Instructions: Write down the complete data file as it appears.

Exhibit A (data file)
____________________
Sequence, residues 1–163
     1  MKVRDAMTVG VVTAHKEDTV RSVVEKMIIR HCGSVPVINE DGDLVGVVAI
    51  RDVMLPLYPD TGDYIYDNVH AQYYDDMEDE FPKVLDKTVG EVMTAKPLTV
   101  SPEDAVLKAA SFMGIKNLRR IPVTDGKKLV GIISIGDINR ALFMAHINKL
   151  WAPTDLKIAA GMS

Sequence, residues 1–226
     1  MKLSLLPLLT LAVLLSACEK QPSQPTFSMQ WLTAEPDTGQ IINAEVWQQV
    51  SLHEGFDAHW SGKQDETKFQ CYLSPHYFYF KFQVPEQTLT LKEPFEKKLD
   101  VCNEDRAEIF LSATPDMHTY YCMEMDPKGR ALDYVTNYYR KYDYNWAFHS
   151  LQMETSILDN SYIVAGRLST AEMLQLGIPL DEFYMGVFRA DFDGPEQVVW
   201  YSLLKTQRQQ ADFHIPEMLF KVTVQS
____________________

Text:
Sequence, residues 1–163
     1  MKVRDAMTVG VVTAHKEDTV RSVVEKMIIR HCGSVPVINE DGDLVGVVAI
    51  RDVMLPLYPD TGDYIYDNVH AQYYDDMEDE FPKVLDKTVG EVMTAKPLTV
   101  SPEDAVLKAA SFMGIKNLRR IPVTDGKKLV GIISIGDINR ALFMAHINKL
   151  WAPTDLKIAA GMS

Sequence, residues 1–226
     1  MKLSLLPLLT LAVLLSACEK QPSQPTFSMQ WLTAEPDTGQ IINAEVWQQV
    51  SLHEGFDAHW SGKQDETKFQ CYLSPHYFYF KFQVPEQTLT LKEPFEKKLD
   101  VCNEDRAEIF LSATPDMHTY YCMEMDPKGR ALDYVTNYYR KYDYNWAFHS
   151  LQMETSILDN SYIVAGRLST AEMLQLGIPL DEFYMGVFRA DFDGPEQVVW
   201  YSLLKTQRQQ ADFHIPEMLF KVTVQS